While she’s a little sceptical about the hype about NFTs and art in the metaverse — “It’s like a get-rich-quick scheme rather than having any kind of solid, credible artistic foundation,” she suspects — she’s still very interested to see “how the technology can be used by artists to create meaningful artworks”.
Despite the noise, she says there are a number of organisations doing fascinating work with digital art — she mentions Acute and Aorist — and she remains convinced that “it’s important that people should be exploring the space.”
It has the potential to open up avenues of creativity and imagination unlike anything in the real world, and what happens in the metaverse might enter our consciousness in ways quite different from art in the real world. For example, Roberts recalls that when Mary Sibande worked with TMRW, she said that she dreamt about her work for the first time.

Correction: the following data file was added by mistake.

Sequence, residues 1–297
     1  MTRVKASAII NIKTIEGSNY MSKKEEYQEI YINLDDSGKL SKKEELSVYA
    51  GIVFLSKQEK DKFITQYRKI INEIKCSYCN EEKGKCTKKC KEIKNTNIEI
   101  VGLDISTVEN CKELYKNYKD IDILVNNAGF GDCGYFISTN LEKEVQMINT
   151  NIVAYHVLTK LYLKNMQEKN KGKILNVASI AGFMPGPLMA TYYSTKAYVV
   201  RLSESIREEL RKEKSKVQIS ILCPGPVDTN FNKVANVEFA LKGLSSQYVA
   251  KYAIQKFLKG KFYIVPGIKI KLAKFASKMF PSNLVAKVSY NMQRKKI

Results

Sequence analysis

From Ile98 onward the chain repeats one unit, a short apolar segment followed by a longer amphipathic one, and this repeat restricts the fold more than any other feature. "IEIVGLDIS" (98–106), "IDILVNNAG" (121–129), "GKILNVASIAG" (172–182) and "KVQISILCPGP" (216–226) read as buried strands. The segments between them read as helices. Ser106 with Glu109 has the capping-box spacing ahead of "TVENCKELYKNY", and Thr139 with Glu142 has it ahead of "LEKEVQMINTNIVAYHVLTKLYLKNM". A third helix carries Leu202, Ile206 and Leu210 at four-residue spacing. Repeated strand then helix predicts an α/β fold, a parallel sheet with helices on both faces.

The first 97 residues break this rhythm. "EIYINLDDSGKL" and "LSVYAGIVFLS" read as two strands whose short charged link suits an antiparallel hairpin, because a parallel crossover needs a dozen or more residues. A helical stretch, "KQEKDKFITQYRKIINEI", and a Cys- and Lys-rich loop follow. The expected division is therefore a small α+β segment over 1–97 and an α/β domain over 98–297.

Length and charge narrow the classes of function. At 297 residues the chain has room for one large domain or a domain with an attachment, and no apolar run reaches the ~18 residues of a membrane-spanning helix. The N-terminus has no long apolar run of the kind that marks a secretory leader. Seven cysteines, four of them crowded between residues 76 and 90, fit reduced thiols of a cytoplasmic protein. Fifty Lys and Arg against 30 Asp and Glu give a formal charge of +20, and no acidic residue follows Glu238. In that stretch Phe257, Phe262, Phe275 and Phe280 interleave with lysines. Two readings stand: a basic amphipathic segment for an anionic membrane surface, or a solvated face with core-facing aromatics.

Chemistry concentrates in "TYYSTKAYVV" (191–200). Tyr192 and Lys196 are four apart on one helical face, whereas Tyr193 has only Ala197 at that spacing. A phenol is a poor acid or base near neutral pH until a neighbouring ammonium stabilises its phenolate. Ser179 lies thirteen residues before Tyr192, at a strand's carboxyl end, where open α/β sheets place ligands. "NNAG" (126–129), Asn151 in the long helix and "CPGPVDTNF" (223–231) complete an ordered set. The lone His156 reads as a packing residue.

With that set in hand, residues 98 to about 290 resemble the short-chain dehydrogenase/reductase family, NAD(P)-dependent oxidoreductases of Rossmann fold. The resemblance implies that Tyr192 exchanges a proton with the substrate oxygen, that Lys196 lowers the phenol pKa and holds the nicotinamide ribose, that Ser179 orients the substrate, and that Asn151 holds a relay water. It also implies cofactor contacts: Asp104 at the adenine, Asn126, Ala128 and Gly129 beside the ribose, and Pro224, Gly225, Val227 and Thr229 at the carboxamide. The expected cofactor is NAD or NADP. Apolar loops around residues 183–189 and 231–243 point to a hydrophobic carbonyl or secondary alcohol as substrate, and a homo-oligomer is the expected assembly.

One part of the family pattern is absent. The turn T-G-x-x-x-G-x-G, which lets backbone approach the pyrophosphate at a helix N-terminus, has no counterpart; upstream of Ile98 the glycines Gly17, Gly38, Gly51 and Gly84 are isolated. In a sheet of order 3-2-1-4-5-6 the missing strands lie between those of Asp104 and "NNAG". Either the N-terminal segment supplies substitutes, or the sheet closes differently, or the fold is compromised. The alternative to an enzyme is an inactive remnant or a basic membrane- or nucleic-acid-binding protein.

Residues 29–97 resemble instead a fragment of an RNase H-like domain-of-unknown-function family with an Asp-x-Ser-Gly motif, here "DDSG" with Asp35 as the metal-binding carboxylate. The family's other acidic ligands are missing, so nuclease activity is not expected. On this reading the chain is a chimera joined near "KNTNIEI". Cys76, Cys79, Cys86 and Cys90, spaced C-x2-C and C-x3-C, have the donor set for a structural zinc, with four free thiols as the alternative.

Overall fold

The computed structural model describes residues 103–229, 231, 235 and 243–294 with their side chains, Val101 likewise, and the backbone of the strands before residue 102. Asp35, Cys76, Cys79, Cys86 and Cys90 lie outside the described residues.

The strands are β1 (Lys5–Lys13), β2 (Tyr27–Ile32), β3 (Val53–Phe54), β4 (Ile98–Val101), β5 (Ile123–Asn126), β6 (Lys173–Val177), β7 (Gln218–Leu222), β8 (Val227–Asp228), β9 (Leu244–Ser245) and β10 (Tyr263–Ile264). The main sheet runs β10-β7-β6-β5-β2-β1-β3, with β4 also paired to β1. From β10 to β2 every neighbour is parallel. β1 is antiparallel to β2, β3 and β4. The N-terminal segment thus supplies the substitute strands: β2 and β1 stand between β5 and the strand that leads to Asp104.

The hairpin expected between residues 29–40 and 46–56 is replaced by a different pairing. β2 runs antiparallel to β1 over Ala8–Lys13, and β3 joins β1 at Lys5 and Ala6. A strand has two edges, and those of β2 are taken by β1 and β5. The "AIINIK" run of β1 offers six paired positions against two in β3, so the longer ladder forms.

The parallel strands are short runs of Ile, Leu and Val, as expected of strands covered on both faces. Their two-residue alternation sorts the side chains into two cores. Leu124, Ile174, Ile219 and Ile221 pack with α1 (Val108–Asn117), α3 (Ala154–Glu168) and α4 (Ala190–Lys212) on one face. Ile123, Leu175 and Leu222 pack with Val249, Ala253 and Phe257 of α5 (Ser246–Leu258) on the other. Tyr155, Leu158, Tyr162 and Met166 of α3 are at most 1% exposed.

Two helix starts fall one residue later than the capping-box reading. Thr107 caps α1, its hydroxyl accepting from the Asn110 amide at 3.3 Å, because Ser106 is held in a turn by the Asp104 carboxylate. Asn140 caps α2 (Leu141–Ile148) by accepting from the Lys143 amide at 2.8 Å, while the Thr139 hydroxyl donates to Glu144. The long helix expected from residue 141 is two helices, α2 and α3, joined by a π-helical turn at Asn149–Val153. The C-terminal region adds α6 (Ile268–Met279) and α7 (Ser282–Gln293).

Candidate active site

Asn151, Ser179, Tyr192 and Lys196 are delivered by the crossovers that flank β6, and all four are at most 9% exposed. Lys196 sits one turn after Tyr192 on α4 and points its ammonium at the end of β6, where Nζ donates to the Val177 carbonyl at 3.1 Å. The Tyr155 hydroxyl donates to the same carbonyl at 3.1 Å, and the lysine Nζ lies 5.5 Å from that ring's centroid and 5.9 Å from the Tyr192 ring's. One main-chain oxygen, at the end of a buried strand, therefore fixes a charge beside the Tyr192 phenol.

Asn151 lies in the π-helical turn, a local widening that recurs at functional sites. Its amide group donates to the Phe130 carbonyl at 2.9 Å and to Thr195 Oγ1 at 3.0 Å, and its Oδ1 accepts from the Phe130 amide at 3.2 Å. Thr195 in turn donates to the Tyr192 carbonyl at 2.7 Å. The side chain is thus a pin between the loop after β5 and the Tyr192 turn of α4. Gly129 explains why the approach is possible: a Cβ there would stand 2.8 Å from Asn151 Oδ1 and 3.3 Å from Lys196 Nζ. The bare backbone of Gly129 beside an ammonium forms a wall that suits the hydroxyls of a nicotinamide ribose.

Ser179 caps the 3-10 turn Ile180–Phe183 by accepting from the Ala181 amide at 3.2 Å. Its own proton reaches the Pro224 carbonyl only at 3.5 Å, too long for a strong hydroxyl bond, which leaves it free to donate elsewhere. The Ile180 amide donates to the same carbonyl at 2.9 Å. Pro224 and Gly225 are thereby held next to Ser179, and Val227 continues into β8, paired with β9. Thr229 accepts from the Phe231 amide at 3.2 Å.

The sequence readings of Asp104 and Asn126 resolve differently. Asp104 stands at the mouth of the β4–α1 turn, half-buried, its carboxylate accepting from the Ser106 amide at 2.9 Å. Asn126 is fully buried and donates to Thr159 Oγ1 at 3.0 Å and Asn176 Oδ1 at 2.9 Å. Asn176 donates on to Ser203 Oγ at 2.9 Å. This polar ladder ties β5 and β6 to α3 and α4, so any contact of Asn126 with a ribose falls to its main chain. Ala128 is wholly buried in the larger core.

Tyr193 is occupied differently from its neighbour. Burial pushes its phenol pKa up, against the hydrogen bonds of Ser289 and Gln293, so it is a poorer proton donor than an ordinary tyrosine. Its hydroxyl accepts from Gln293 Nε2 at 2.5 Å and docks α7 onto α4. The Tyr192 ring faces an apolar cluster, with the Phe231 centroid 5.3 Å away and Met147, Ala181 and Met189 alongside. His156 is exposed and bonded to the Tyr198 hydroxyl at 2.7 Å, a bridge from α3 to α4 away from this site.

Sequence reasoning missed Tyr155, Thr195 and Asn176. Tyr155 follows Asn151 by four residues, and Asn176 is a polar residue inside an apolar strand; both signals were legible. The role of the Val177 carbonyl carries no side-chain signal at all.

Maker notes that if she had to bet on an area of growth in the metaverse, it would be fashion. Just as you can select an avatar, you can select clothes for your avatar. The metaverse, she points out, “opens up opportunities for self-expression”, and fashion offers all sorts of new possibilities in a way that might be more accessible than architecture, for example.
Already, “virtual fashion” is a growing phenomenon with several fashion houses having hosted virtual fashion shows in the metaverse. But Maker says that while there might be design disciplines that are suited to the metaverse to a greater or lesser degree, sooner or later it’s bound to matter to any and all industries.